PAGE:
Too Big To Fail in Arlington

Despite concerns about project size, townhouses at 11th & Vermont are unanimously approved by Planning Commission.

According to nearby residents, and several members of the Planning Commission, the project at 1031 North Vermont St. has three problems: it’s too big, it’s too high, and it’s too close. At the Feb. 12 Planning Commission meeting, the project was the only item on the docket, but testimony from concerned local residents and proposed alternative solutions from the commission still stretched the debate over the project out for hours. But when the dust settled, despite the commission’s concerns, the project was unanimously approved with conditions and passed on to the County Board.

The subject of discussion were three items associated with the property listed as 11th and Vermont. One was an amendment to change the project from low-medium residential to high-medium residential, another changing the zoning from two family dwellings to multiple family dwellings, and a site plan for 72 units of multi-family condominiums and townhouses. The new building will be seven stories tall with a 22 foot and eight inch separation from the abutting Westview Condominium Building. For many residents of Westview, as well as the Ballston-Virginia Square Civic Association and Westview Condominium Association, it’s too tall and too close for comfort.

Planning Commission member Nancy Iacomini said she had concerns about the precedent the new building would set for the area. Iacomini filed a motion for the tallest building to the limited to six stories and a motion for at least 30 feet of separation from surrounding neighbors.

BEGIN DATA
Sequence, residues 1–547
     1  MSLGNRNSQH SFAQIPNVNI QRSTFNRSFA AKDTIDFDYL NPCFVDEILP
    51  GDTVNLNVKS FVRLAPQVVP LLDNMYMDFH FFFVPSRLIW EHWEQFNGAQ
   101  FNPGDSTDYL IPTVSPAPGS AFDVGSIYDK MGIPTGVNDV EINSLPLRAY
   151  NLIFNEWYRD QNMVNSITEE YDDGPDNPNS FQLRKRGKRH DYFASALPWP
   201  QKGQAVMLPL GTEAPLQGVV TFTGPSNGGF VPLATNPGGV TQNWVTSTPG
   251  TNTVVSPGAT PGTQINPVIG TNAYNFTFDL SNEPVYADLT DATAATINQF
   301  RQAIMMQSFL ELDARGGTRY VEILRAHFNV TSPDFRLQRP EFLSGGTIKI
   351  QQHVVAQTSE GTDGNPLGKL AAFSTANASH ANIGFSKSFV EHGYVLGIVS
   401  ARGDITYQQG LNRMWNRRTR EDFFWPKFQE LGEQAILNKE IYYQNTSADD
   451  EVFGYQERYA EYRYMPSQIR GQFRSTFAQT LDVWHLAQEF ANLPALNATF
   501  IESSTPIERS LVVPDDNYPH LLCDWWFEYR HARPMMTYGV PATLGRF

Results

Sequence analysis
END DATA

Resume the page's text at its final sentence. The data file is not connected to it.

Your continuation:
“There has always been embedded in this project the fatal flaw of being taller than six stories and the building separation,” said Iacomini. “No amount of improving the surface really gets to that.”

The motion to limit the building height to six stories failed, but the motion for 30 feet of separation passed. Another motion was proposed to direct county staff to provide additional opportunities for neighbors in adjoining properties to continue working with developers on a neighborhood list of issues, including pedestrian circulation and opportunities for open space, but others said this fell outside of the scope of work expected of county staff and the motion failed.

“It had been my intent not to vote for project,” said Iacomini, “but after my amendment was accepted, it would be churlish of me not to.”

The project was unanimously approved by the Planning Commission and will go to the County Board for final approval.

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